35 Conservation Planning Process Key Elements of Conservation Planning 1. The Planner2. The Client3. The Process4. The Plan5. The Partnership
36 Conservation Planning Process Key Elements of Conservation Planning The Planner- An Effective Conservation Planner- SalesmanshipProfessionalismClient and community values and issuesAgricultural issuesEnvironmental issues- Client’s Motivation- Consideration of the Client
37 Conservation Planning Process Key Elements of Conservation Planning The Client- Client’s UnderstandingPlanning processClient’s rolePlanner’s roleRole of the conservation districtPlans are developed on-siteLong term relationshipPlans are flexible- Confidentiality
38 Conservation Planning Process Key Elements of Conservation Planning The ProcessVoluntaryOn-goingEcological and human concernsDesired future conditionsConservation management systemsConsideration of on-site and off-site effects and impacts
39 Conservation Planning Process Key Elements of Conservation Planning The PlanConservation plansArea-wide conservation plansComprehensive plans with a unit of government
40 Conservation Planning Process Key Elements of Conservation Planning The PartnershipConservation districtsOther partners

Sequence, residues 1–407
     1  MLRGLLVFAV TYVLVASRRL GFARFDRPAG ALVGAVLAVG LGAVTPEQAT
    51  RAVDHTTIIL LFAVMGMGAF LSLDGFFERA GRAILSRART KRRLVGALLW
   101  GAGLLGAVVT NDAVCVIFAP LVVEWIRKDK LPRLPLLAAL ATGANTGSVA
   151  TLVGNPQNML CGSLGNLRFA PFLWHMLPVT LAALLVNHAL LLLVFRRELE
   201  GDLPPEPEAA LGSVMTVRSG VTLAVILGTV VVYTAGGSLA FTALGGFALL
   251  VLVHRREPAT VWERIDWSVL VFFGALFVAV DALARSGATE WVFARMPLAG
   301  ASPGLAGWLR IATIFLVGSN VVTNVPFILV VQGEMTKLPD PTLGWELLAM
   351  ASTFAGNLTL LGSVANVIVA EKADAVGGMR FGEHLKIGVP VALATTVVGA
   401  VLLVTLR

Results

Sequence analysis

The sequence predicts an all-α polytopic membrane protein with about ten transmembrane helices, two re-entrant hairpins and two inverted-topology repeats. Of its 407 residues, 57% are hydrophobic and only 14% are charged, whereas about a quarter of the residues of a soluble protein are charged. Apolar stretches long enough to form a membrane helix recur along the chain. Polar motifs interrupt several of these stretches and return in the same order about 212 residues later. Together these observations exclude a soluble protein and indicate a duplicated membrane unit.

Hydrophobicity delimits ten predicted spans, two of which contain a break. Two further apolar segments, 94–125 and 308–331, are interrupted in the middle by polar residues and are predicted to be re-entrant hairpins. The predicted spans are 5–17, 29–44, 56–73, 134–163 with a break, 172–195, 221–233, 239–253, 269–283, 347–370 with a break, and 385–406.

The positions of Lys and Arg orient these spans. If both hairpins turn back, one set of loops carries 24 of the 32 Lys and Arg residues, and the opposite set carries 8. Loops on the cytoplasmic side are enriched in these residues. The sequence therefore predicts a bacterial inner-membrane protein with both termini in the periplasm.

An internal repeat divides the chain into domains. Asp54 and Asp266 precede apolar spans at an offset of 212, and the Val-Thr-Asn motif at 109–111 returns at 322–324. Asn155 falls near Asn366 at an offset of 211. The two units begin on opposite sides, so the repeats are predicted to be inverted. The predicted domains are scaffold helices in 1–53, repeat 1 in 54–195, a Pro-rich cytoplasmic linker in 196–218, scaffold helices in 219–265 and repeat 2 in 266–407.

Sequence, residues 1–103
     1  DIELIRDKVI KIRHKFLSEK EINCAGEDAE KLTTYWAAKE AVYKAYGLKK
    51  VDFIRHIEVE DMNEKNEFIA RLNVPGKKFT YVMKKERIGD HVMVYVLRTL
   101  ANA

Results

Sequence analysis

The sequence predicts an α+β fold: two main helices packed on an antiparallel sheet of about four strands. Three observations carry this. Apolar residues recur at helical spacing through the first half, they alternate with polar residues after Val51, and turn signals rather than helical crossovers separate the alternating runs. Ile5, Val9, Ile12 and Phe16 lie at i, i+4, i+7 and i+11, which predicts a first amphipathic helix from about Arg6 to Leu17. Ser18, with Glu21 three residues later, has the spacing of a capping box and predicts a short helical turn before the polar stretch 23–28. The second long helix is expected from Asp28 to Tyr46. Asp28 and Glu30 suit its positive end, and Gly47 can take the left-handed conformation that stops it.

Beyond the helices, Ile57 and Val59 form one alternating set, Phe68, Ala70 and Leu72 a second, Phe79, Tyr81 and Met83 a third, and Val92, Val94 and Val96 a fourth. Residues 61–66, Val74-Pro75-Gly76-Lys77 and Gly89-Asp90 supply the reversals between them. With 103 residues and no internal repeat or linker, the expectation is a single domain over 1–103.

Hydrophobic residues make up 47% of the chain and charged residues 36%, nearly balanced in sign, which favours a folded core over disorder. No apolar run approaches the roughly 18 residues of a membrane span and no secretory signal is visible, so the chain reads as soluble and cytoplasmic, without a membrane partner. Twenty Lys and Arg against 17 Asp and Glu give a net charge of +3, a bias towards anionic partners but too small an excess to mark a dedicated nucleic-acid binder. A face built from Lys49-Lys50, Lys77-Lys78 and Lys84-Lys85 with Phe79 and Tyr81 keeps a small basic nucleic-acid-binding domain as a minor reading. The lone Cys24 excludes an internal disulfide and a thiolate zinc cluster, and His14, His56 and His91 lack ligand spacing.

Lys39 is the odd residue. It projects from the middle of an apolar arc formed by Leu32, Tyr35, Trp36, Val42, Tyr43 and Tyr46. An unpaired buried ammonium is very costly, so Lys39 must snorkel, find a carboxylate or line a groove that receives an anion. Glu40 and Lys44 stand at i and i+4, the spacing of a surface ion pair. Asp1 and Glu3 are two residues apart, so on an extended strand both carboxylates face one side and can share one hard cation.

41 Conservation Planning Process The Client’s RoleMust be involved throughout the planning processIs the decision makerDevelops the planImplements the planOwns the plan
42 Conservation Planning Process Conservation Planning is a teaching / learning process.It an opportunity to:TeachObserveDemonstrateEvaluateLearnWork togetherMonitor
43 Conservation Planning Process Consider the needs and capabilities of each acre within the plan.Consider the farmer’s facilities, machinery, and economic situation.Incorporate the farmer’s willingness to try new practices.Consider the land’s relationship to the entire farm, ranch, or watershed.Ensure the conservationist’s presence out on the land with the decision-maker.
44 Conservation Planning Process Phase I - Collection and Analysis1. Identify problems2. Determine objectives3. Inventory resources4. Analyze resource dataPhase II - Decision Support5. Formulate alternatives6. Evaluate alternatives7. Make decisionsPhase III - Application and Evaluation8. Implement the plan9. Evaluate the plan
45 Conservation Planning Process - Identifyresource concerns- Describenatural resource conditions- Evaluateconservation practice physical effects
46 Conservation Planning Process STEP 1Identify problems and opportunitiesRequire on-site visitsIdentify existing problemsIdentify potential problemsIdentify perceived problemsIdentify inter-related problems
66 Conservation Planning Process No-till reduces run-off and increases water infiltration resulting in less soil erosion and pollutant run-off.
67 Conservation Planning Process Manure is applied to crop land improperly or in excess.